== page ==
Hospital staff thank the community for support shown during lockdown

North Walsham War Memorial Hospital nurse Stella Mihalache and support ward manager Diane Cremin rec

North Walsham War Memorial Hospital nurse Stella Mihalache and support ward manager Diane Cremin receiving the final goody parcel from the hospital's Friends group. Also pictured is Friends chairman Keith Jarvis. Picture: Richard Batson / Hospital Friends - Credit: Archant

Staff at a north Norfolk hospital have praised the morale-boosting support they have had from the local community through lockdown.

North Walsham War Memorial Hospital has been dealing with Covid patients as well as routine ones over the last six months, when a temporary ward was added in a day room to cope with the extra workload.

Ward manager Mandie Owen reported to a meeting of the hospital Friends group that it had been a challenging time, with community staff drafted in to help in-patients.

She said the support from the community, including the Friends who provided weekly goody bags of food for ward staff was “generous and appreciated”.

Ms Owen said: “The patients and staff felt very supported by the local community and the Friends during the outbreak. It has all been much appreciated.”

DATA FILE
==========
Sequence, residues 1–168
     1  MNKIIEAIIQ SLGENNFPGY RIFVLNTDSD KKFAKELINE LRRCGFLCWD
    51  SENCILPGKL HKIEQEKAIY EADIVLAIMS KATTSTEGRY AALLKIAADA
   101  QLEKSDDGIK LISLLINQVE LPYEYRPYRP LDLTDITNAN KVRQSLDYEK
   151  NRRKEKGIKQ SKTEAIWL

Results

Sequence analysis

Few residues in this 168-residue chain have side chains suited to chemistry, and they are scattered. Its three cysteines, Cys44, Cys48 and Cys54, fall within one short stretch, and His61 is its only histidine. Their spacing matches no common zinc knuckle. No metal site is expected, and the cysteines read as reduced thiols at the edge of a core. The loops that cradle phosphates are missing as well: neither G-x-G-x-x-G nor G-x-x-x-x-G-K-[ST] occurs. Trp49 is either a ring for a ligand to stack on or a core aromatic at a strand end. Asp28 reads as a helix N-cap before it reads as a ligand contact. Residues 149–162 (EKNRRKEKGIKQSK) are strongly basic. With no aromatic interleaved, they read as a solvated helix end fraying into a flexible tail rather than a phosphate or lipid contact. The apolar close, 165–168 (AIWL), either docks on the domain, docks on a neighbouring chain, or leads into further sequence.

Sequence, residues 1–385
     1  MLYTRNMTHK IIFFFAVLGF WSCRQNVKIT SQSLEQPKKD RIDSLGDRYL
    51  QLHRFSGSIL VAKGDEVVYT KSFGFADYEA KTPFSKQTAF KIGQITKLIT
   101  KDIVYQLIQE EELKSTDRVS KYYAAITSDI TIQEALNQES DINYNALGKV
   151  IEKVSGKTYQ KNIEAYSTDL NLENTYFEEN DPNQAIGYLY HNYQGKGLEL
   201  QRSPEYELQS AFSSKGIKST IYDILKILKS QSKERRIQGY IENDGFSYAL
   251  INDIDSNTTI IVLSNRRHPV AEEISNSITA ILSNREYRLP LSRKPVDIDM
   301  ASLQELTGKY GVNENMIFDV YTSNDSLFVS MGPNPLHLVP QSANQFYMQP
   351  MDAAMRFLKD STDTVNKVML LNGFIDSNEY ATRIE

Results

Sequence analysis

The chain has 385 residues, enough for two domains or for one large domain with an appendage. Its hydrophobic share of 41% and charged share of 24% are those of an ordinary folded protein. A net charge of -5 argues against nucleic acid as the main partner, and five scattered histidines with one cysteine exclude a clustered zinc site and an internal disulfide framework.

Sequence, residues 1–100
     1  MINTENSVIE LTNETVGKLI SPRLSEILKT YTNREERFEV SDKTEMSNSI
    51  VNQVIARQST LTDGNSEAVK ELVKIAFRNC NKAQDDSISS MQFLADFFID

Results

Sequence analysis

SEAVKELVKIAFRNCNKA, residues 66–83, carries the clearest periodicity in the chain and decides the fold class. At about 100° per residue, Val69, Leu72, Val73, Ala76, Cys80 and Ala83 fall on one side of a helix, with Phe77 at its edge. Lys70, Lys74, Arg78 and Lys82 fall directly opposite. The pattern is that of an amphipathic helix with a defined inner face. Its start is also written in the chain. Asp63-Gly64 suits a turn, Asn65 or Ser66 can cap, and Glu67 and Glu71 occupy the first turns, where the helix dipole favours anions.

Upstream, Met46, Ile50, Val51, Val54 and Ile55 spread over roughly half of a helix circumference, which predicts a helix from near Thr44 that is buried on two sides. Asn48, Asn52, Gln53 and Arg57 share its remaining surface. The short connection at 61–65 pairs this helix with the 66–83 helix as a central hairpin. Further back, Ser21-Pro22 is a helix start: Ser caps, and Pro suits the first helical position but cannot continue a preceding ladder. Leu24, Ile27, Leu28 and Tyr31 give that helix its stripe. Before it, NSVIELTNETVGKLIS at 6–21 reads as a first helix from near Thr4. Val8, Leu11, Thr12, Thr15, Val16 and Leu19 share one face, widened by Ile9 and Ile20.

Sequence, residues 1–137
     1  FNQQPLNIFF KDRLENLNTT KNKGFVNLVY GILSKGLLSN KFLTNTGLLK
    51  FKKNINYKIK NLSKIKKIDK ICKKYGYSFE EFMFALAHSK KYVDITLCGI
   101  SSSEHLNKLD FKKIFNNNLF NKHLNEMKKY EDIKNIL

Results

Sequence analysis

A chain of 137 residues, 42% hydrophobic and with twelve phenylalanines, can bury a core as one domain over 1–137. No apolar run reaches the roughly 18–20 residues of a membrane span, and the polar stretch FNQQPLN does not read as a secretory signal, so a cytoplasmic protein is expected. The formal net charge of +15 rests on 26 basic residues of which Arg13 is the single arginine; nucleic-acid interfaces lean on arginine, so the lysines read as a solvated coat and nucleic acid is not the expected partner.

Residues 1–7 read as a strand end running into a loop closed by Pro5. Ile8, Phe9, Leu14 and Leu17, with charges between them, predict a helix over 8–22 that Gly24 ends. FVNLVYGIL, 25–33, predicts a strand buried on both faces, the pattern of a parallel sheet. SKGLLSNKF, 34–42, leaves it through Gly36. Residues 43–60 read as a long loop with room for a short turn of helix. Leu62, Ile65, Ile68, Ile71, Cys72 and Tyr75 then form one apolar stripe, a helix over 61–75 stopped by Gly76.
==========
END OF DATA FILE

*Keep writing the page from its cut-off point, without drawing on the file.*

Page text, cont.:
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Staff have enjoyed sharing some of the gifts with the patients to brighten their day, especially those without any friends or family to visit. And staff particularly loved the support during a bad day.

Ms Owen added: “I cannot tell you how proud I am of the staff. They have worked incredibly hard to support their patients and care for their colleagues if they’re struggling on a shift.”

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As well as the Friends parcels, there have been gifts from other local shops, businesses and organisations ranging from flowers to takeaway meals.

The hospital’s 24-bed unit has been prepared for a second wave of pandemic, should it happen.

The Friends continue to liaise with health officials about future projects post-lockdown, including funding the fitting out of a room at the hospital where visitors can stay overnight or spend a bit of quiet time.

Other plans include asking Paston College art students to paint a mural to brighten a blank brick wall outside a ward window.

The group uses money donated by the public to provide “extras” to benefit patients, staff and visitors.

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